In the eighteenth century, besides Galle and Canton, the third harbour with a direct connection with the Dutch Republic was that of the main establishment in Bengal. From 1734 onwards two ships sailed annually from Bengal to Holland, and after 1742 this became four. Furthermore, from 1750 onwards one ship per year was sent to Hooghly by the Amsterdam Chamber. And in 1770 a direct sea link was also established with Coromandel.

The direct shipping link and the correspondence between patria and the establishments in India which this brought in its wake notwithstanding did not represent a fundamental infringement to the position of Batavia as the head office of the VOC in Asia. Batavia remained the centre for administration and book-keeping. Furthermore, the Governor-General and Council in Batavia continued to forward copies of correspondence with all its subordinate VOC establishments to the directors at home, including the letters exchanged with Ceylon, Canton and Bengal.

The Governor-General and Council were assisted in their work by the generale secretarie (central administration). The secretary to the Governor-General and Council, who was in charge of the secretariat, attended the meetings of the Raad van Indië and drew up the resoluties (proceedings)(20). Either the secretary himself, or the second man in the secretarie, an employee with the rank of koopman (merchant), entered up the Batavia dagregister (diary). The many clerks employed in the secretarie took care of the extensive paperwork entailed in the correspondence with the establishments in Asia and the chambers at home.

The directeur-generaal was responsible for trade and shipping throughout the whole of the Asian branch of the enterprise. Naturally he was expected to discuss such important matters as the compilation of the eis for goods and monies from patria in the council. In Batavia the warehouses, both for the merchandise and for provisions, the pay office and the ready money were under his supervision. He was assisted by two opperkooplieden van het Kasteel (senior merchants of the Castle). From 1664 the jobs were divided between these two officials in such a way that the first or senior of them administered the goods which were sent in by the Asian establishments, while the junior looked after the goods which were dispatched from Batavia. The extent of their task expanded in the course of time in which case the staff in the negotiekantoor (trade office), which they headed, was increased by a series of merchants, junior merchants and book-keepers.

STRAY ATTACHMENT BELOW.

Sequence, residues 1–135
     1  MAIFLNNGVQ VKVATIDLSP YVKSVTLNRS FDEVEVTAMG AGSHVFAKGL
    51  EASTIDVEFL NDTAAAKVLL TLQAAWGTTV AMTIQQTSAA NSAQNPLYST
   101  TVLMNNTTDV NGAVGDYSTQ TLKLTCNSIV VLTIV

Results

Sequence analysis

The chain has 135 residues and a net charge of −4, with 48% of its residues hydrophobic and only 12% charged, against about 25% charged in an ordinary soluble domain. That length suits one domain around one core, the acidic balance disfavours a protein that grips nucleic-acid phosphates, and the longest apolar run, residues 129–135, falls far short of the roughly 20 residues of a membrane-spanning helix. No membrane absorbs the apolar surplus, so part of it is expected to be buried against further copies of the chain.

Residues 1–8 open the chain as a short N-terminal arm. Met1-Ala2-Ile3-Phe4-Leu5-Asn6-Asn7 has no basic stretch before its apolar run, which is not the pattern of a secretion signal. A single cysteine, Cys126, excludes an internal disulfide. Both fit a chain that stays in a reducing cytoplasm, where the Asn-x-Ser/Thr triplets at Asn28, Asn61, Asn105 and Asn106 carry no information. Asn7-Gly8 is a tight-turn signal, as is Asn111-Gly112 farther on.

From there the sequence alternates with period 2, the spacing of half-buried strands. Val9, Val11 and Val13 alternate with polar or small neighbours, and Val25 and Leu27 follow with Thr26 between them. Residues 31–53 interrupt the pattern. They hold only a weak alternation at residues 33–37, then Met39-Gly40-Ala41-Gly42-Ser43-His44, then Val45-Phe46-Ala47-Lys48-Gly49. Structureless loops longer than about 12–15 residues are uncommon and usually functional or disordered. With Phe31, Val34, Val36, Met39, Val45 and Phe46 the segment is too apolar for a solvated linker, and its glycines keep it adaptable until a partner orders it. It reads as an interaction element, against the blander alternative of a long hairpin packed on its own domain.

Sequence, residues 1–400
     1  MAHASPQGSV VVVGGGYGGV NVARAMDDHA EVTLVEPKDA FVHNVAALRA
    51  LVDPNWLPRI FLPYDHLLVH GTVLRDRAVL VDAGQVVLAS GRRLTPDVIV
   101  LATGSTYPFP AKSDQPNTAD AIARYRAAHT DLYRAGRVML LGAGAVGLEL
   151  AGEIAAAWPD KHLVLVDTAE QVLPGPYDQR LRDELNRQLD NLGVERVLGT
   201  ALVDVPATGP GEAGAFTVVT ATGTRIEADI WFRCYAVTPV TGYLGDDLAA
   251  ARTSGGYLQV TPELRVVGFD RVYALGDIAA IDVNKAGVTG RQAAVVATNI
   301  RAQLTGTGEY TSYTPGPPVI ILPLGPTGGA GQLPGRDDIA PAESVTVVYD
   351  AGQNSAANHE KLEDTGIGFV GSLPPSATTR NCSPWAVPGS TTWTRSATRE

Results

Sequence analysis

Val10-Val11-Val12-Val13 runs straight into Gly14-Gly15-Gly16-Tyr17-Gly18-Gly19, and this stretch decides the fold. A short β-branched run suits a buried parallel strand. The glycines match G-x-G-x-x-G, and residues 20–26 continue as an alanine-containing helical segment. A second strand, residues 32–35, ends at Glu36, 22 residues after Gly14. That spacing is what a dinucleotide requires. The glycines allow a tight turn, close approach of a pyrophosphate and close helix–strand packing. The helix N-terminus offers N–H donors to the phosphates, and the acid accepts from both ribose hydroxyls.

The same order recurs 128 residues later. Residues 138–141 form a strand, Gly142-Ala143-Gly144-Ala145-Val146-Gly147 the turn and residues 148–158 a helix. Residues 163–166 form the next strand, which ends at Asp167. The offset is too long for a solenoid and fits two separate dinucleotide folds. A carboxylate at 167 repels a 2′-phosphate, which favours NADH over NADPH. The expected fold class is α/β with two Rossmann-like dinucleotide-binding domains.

The boekhouder-generaal (chief accountant) was also subordinate to the director-general. On the basis of the trading books from the establishments, the chief accountant made up both the generaal journaal (general journal) and the generaal grootboek (general ledger), copies of which were forwarded to the chambers of Amsterdam and Zeeland. Furthermore, the accountant-general administered the cargoes which had been received from the Dutch Republic, as well as the retourgoederen which were sent back home. The bevindingen op de eisen (notes on the orders), which had been sent to the Dutch Republic since the last quarter if the seventeenth century, will have been provided by the office of the accountant-general. When the ships were unloaded in Batavia an inspection was held to check to what extent the goods received corresponded to the original demands or orders of the Governor-General and Council, with reference to the decision the Heren XVII had taken on these. When this had been done, the original order with a report on any excesses or omissions was sent back to the Netherlands, so that the directors could see where they or the chambers had been remiss(21).